But the tactics in the Mexican War were founded
upon and regulated by an accurate knowledge of the enemy; and the distinguished and veteran soldier who led our armies in that campaign would never have taken the risks he did had the Mexican soldiers been like those in the Southern army, and the Mexican officers men like Lee, Johnston, Jackson, and Beauregard.
The public mind judges of military movements and of battles by the event: the plan that fails is a bad plan, and the successful general is the great
general. Without doubt, this is a correct judgment in the long run; but in particular cases the rulo could not always be applied without injustice. Hannibal was defeated by Scipio at Zama, and Napoleon was defeated by the Duke of Wellington at Waterloo; but it does not follow that Scipio was a greater general than Hannibal, or the Duke of Wellington than Napoleon. Mexico was taken by a series of rapid and daring movements, and Richmond has not yet been taken; and thus the inference is drawn that, had the latter city been assailed in the same way as the former was, it too would have fallen, as Mexico did. But those who reason thus forget the sharp lesson we learned at Bull Run,-a disastrous battle forced upon the army by a popular sentiment which ignorantly clamored for the dash and rapidity which accomplished such brilliant results in the Valley of Mexico. Nelson won the battle of Aboukir by a very daring and dangerous plan of attack, which had the good fortune to be successful. Cooper, in his preface to the last edition of “The Two Admirals,” says that had he attacked an American fleet in the same way he would have had occasion to repent the boldness of the experiment; but then Nelson, who, like all great commanders, was a man of correct observation and sound judgment, would probably not have tried such an experiment with an American fleet.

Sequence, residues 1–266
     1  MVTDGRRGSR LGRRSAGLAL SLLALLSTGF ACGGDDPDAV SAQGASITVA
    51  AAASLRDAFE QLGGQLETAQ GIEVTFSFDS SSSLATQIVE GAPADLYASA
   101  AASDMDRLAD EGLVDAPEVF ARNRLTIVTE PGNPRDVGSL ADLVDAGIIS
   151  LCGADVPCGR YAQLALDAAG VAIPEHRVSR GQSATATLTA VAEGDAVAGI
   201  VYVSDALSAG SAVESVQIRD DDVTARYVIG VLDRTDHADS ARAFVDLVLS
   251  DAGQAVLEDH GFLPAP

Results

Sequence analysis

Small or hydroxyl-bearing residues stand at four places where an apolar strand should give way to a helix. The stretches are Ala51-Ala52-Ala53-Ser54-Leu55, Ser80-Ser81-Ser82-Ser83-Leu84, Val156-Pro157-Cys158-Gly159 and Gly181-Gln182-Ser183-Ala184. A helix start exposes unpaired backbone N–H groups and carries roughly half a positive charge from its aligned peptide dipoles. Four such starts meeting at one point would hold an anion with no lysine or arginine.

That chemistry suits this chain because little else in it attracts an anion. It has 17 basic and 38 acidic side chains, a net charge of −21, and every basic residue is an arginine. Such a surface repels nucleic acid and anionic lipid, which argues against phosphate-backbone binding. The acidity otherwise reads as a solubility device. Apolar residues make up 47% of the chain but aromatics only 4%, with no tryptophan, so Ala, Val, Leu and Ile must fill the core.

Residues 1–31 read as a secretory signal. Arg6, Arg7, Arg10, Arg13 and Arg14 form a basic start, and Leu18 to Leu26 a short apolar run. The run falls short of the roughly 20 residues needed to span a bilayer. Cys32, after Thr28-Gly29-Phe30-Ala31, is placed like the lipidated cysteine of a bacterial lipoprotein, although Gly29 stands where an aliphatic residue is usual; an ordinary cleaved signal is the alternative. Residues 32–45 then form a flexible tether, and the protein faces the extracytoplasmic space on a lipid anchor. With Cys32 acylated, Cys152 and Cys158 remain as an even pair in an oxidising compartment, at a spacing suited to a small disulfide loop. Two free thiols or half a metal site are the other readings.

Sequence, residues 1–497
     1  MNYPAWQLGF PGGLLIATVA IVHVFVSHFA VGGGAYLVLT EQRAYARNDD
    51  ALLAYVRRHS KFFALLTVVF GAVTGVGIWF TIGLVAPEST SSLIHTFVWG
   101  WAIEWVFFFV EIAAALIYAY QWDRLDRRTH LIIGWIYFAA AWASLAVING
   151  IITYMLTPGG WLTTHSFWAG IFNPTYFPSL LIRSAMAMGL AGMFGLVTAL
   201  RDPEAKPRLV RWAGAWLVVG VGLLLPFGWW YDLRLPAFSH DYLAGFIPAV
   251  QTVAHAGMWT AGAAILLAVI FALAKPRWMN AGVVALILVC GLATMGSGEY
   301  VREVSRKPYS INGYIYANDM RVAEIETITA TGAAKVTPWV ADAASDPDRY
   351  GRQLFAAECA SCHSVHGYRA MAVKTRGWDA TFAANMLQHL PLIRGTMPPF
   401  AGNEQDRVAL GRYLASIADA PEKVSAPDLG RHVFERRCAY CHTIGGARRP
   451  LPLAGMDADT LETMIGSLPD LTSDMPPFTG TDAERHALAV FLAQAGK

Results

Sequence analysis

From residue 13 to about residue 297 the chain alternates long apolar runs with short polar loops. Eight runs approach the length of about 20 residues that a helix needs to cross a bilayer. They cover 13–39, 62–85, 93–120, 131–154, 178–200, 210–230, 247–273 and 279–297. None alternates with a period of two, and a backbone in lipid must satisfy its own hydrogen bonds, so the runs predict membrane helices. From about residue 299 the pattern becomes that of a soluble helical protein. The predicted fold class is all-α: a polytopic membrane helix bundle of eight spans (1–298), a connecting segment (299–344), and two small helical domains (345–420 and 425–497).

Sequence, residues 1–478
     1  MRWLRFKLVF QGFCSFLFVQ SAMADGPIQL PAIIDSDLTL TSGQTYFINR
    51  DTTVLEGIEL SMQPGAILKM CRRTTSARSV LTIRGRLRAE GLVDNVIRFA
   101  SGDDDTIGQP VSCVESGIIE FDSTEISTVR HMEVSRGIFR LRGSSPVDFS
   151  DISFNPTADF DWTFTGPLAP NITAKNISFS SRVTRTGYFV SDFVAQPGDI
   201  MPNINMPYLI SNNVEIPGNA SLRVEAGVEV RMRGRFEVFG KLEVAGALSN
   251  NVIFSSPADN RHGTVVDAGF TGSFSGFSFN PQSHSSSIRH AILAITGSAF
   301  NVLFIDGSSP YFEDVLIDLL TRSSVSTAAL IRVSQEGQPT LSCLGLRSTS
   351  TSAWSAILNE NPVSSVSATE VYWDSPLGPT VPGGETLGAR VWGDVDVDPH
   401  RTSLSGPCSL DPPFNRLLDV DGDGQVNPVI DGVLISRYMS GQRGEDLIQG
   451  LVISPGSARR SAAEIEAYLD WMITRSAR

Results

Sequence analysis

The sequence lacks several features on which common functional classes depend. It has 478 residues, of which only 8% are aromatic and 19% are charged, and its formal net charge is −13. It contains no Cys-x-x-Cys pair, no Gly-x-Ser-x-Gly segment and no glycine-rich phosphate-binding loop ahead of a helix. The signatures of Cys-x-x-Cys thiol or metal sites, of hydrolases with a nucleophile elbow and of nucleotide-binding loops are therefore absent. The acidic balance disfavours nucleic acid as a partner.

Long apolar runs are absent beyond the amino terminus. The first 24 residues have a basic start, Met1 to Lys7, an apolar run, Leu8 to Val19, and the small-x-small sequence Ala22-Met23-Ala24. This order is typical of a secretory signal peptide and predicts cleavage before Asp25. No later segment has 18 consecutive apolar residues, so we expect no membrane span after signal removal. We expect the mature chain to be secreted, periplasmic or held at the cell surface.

To Lieutenant McClellan his year of active service in Mexico was of great value in his professional training; for it was a period crowded with rich opportunities for putting into practice the knowledge
he had gained at West Point, and which was still fresh in his mind. The corps of engineers attached to the army was so small that much work was of necessity exacted from each officer, and higher responsibilities were devolved upon the younger men than would have been the case in any European army. Lieutenant McClellan had an unusually large experience both of field-work and in the investment of fortified places. And it is no more than just to him to add that he proved himself equal to every trust laid upon him. His knowledge of his profession was shown to be thorough, exact, and ready, and his coolness and self-possession on “the perilous edge of battle” was like that of the bronzed veteran of a hundred fights. The number of men in our country-indeed, in any country -competent to pass a correct judgment upon military measures and military men, is not large; but upon this select body Lieutenant McClellan had made his mark during the Mexican War, and he was recognized by them as a soldier upon whose courage, ability, and devotion his country might confidently repose in her hour of need.
Lieutenant McClellan remained with his company in the city of Mexico, in the discharge of garrison-duty, till May 28, 1848, when they were marched down to Vera Cruz and embarked for home, arriving at West Point on the 22d of June. After his return he was brevetted first lieutenant for conduct at Contreras, and afterwards captain for conduct at Molino del Rey, which latter honor he declined, as he had not been present in the battle.